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Preventing sexual violence instead of just responding to it: Students’ perceptions of sexual violence resources on campus


Carolyn M. Garcia, PhD, MPH, RN, SANE, University of Minnesota School of Nursing, 5–140 Weaver-Densford Hall, 308 Harvard Street SE, Minneapolis, MN 55455. E-mail:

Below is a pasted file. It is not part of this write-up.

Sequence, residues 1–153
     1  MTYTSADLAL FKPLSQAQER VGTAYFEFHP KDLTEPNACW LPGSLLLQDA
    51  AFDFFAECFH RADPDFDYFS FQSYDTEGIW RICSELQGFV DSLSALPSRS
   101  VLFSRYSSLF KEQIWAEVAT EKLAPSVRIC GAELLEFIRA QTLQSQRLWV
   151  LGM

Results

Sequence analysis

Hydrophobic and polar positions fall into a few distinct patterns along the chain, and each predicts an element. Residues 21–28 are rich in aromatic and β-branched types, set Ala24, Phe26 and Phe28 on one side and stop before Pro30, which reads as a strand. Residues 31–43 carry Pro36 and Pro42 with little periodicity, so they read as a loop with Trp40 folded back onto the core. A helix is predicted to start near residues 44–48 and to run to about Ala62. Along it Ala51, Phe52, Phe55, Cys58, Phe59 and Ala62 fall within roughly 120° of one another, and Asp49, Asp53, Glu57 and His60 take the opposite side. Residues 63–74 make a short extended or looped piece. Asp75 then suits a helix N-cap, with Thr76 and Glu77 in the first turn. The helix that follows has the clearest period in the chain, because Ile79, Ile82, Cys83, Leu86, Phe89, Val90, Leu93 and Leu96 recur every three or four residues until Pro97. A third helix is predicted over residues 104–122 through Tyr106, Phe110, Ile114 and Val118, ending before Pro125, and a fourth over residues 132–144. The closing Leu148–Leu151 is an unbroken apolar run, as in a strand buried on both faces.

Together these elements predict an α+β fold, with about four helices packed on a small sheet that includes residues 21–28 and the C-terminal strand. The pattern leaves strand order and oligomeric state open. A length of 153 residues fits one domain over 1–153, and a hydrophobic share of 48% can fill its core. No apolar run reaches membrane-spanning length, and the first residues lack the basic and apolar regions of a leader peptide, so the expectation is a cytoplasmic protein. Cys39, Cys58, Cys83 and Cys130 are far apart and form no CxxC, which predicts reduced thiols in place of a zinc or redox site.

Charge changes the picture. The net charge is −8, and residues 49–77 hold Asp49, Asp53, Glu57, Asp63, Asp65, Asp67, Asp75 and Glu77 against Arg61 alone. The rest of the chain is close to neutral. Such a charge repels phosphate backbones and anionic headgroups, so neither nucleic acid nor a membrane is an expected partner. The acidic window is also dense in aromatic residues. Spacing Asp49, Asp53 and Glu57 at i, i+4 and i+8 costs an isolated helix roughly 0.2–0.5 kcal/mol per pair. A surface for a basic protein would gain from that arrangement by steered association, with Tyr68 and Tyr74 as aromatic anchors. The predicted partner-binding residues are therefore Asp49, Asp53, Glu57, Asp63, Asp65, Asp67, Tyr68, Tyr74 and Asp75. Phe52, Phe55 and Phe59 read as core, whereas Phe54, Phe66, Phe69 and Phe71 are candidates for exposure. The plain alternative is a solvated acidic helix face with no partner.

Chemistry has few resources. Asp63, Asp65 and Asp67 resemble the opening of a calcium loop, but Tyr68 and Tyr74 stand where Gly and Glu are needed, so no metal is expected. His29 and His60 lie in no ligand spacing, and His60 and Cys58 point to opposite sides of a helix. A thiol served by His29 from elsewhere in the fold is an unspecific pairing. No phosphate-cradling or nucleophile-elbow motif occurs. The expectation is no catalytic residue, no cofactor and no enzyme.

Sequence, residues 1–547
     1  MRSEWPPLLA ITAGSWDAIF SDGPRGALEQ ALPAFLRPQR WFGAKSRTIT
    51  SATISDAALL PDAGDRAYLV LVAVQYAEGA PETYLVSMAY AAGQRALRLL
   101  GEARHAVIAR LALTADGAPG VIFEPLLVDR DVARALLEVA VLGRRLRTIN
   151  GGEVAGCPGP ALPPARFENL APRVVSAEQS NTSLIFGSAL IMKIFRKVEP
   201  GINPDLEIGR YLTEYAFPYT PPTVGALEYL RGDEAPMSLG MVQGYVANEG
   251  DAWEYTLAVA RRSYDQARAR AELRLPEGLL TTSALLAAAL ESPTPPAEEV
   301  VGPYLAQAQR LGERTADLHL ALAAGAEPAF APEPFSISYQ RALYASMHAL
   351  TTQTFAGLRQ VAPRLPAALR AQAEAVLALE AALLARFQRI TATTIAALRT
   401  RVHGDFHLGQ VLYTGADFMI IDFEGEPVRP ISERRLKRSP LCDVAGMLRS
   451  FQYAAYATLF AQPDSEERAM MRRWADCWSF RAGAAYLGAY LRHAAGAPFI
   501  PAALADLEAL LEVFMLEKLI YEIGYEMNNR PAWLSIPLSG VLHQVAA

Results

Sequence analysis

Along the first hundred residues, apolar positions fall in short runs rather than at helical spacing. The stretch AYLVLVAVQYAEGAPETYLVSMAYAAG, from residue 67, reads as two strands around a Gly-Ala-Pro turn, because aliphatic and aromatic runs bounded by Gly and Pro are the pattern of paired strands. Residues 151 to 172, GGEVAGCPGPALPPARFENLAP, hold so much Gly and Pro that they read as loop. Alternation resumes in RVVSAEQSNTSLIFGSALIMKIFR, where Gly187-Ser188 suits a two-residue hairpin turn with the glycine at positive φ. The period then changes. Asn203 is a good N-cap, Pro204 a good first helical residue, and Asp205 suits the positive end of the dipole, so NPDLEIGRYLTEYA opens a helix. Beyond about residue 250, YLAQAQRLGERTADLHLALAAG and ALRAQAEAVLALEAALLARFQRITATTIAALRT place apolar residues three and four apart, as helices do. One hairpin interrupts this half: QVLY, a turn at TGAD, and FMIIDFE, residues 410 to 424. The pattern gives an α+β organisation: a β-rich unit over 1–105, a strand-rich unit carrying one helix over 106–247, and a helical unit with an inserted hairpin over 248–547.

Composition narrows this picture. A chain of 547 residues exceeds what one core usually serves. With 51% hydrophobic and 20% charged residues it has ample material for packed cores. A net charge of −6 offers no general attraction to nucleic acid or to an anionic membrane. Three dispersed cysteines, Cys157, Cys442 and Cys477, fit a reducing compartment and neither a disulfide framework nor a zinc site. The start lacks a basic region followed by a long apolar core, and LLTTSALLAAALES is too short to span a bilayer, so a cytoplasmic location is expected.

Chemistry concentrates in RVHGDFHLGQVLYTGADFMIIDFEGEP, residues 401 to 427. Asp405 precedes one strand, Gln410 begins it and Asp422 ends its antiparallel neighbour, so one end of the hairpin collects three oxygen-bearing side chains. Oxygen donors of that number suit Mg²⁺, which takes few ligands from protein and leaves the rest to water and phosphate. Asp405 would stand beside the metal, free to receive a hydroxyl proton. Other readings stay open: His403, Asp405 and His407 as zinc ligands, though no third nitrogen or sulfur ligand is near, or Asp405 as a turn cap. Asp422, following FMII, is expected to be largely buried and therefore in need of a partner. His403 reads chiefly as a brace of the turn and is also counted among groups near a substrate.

Rates of sexual assault of college students are higher than the national rates. Colleges are uniquely positioned to offer preventive education and support services to a high-risk group. This qualitative study examines students’ perceptions of sexual violence resources and services. Seventy-eight female and male students, between 18 and 24 years old, belonging to various demographic groups, participated in one-to-one walking interviews on five diverse Midwest 2- and 4-year postsecondary campuses. Findings suggest that students are concerned with safety—students want more education regarding sexual violence—and they value services that offer protection from incidents of sexual violence on campus. Participants expressed mixed reactions to prevention education that combined sexual violence prevention with alcohol and drug use. Students shared positive views of the security measures on campus. They emphasized the importance of using varied mechanisms for sexual violence-related resource messaging and advised moving away from the pamphlet toward posters and online resources. Recommendations are offered to strengthen existing resources, such as prevention education and postassault interventions including sexual assault nurse examiner services, and to minimize barriers to access of sexual violence resources.